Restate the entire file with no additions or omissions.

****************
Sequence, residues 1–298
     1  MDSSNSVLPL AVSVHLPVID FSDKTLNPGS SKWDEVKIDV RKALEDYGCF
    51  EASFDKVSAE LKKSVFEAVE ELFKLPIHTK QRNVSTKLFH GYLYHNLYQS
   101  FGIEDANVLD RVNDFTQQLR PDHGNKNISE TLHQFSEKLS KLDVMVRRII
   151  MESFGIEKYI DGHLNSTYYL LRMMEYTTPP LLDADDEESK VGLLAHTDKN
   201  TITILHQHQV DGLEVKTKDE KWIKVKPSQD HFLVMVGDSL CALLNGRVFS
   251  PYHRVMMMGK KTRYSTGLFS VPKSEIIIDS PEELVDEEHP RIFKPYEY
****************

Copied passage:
Sequence, residues 1–298
     1  MDSSNSVLPL AVSVHLPVID FSDKTLNPGS SKWDEVKIDV RKALEDYGCF
    51  EASFDKVSAE LKKSVFEAVE ELFKLPIHTK QRNVSTKLFH GYLYHNLYQS
   101  FGIEDANVLD RVNDFTQQLR PDHGNKNISE TLHQFSEKLS KLDVMVRRII
   151  MESFGIEKYI DGHLNSTYYL LRMMEYTTPP LLDADDEESK VGLLAHTDKN
   201  TITILHQHQV DGLEVKTKDE KWIKVKPSQD HFLVMVGDSL CALLNGRVFS
   251  PYHRVMMMGK KTRYSTGLFS VPKSEIIIDS PEELVDEEHP RIFKPYEY